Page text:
Although his name does not appear in 'The List', those identified among contemporary documents relating to the Atterbury plot as being sympathetic to the Jacobite cause, there is strong circumstantial evidence that Francis Gwyn had leanings in that direction which may have influenced his attitude towards the 1723 oath and those of his tenants.3 A member of the Welsh gentry, and born the year before Charles I's execution, Gwyn was an MP from 1673, cutting his political teeth in the Court of James II.
In his capacity as Clerk in Council he attended James II in his Salisbury chambers while the King waited in vain for military reinforcements to oppose William of Orange's triumphant progress from Brixham to London in what became known as the 'Bloodless Revolution' of 1689. A nineteenth century transcription of a surviving fragment of Gwyn's diary, found by chance hidden among other papers, describes those agonising last days for James. Despite the high drama of the occasion, Gwyn played his cards close to his chest, restricting his observations to the succession of visitors with news of defections, the King's nose bleeds and the royal party's frequent attendances at chapel.4
Gwyn's impressive social and political connections and his diplomatic skills ensured his political and personal survival during this politically unstable period. He was also rich, with estates and properties in Somerset, Dorset, Devon and Wales. Related to Queen Anne's prime minister Robert Harley by marriage, Gwyn was her Minister for War, nailing his flag firmly to the Tory mast and enjoying a cordial relationship with the monarch. The Queen died shortly before she was scheduled to make a private visit to Forde Abbey. A four poster bed made specially for her visit survives at Forde Abbey. Mortlake tapestries lining the walls of the saloon were presented to Gwyn by Queen Anne.
While the majority of Tories were for the restoration of the Old Pretender, historians are divided over the extent of the Tory Jacobite threat to political stability. Support by country Tories in particular, of whom Gwyn was one, 'rarely amounted to more than drinking toast to "the king across the water"', which perhaps accounts for why Gwyn signed each of the 1715 and 1719 oath rolls. Discretion perhaps being the better part of valour, suffice to say Francis Gwyn Esq was appointed Father of the House of Commons at the end of George I's reign.5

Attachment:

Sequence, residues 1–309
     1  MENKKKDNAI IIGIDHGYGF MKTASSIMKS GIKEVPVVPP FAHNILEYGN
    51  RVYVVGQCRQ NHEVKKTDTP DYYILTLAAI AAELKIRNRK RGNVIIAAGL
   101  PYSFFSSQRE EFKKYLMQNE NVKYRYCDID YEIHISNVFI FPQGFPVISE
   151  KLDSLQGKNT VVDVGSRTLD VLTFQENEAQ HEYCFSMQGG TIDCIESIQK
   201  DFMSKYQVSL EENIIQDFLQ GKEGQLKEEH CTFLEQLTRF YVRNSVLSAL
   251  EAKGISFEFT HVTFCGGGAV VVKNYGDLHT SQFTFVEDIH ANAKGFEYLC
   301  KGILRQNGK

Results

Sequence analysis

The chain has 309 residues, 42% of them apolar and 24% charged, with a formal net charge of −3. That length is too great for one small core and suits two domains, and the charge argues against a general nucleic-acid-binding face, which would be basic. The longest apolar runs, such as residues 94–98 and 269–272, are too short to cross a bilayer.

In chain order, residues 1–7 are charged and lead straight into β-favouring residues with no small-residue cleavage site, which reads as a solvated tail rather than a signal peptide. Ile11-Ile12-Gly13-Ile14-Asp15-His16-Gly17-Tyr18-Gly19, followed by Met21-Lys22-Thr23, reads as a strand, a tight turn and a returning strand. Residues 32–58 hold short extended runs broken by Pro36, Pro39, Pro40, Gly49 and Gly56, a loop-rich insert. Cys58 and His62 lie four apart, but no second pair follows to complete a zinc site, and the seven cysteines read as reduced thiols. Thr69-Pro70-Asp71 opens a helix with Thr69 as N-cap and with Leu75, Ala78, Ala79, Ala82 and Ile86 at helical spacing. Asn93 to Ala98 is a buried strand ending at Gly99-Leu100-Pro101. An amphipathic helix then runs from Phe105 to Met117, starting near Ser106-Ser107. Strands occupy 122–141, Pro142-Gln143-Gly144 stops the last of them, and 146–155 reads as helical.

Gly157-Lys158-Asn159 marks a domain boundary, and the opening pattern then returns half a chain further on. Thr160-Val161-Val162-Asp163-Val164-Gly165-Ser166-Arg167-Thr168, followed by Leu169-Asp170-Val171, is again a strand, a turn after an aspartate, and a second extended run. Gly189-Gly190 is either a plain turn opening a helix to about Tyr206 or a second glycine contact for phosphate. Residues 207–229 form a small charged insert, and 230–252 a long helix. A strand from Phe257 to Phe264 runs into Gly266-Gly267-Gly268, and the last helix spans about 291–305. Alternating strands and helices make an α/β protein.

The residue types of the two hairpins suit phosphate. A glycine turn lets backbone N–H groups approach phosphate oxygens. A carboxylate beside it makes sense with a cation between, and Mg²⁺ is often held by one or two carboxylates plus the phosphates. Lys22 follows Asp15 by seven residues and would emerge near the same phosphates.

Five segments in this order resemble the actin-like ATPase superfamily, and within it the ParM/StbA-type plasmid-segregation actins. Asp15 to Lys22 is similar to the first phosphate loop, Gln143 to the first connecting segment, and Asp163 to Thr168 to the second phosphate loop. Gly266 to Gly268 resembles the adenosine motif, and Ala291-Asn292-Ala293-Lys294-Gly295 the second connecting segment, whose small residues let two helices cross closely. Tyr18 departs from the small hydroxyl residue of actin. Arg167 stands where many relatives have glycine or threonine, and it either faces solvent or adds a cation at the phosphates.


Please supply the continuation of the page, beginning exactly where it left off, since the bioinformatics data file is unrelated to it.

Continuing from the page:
Further evidence suggests wavering among others of Thorncombe's 'better sort' when presented with the prospect of the 1723 loyalty oaths. A contemporary account of Guy Fawkes Night celebrations in Axminster in 1714 reports that 'a Jacobite High Church rabble from... Thorncombe rescued effigies of the Pope and Pretender from a bonfire, proclaiming the latter King of England'.6 Although oath taking was losing its political potency, churchmen were still frequently consulted regarding the ethical implications of false swearing.7 Those Thorncombe parishioners eligible to take the 1723 oath but with succession issues could therefore be expected to turn to their parish priest for guidance.
Describing himself on the 1723 rolls as Thorncombe's Clerk, Thomas Cooke, like Francis Gwyn, also appears to have wrestled with his conscience before signing the loyalty oaths. As required by law and as magistrates, both being holders of public office, Francis Gwyn and William Bragge signed the rolls for the earlier 1719 oath but significantly Cooke who was also legally required to take the oath, as a parish priest, did not. Married to the daughter of a cleric from Wells, his name appears in Kettlewell's list of 'nonjurors', 400 priests and bishops which included Archbishop Ken of Wells. Their refusal to take the 1689 Association Oath on the grounds that William III's succession was not validated by divine right, led to a schism in the Church of England, loss of livings and persecution among those churchmen who followed their consciences and stood up for their principles.8
Given Thorncombe's incumbency was in the gift of Sadborow, this also implicates William Bragge. He gave Cooke the living in 1702. Circumstantially this therefore puts Bragge among Thorncombe's Jacobite sympathisors, with a pragmatic view of public oath taking by 1723. Conventional wisdom says parishioners in closed parishes took their lead from their social betters during this period. In this case whatever their private doubts Thorncombe's secular and spiritual opinion-formers appear to have given a positive lead. However, a significant number of potentially eligible parishioners are still unaccounted for.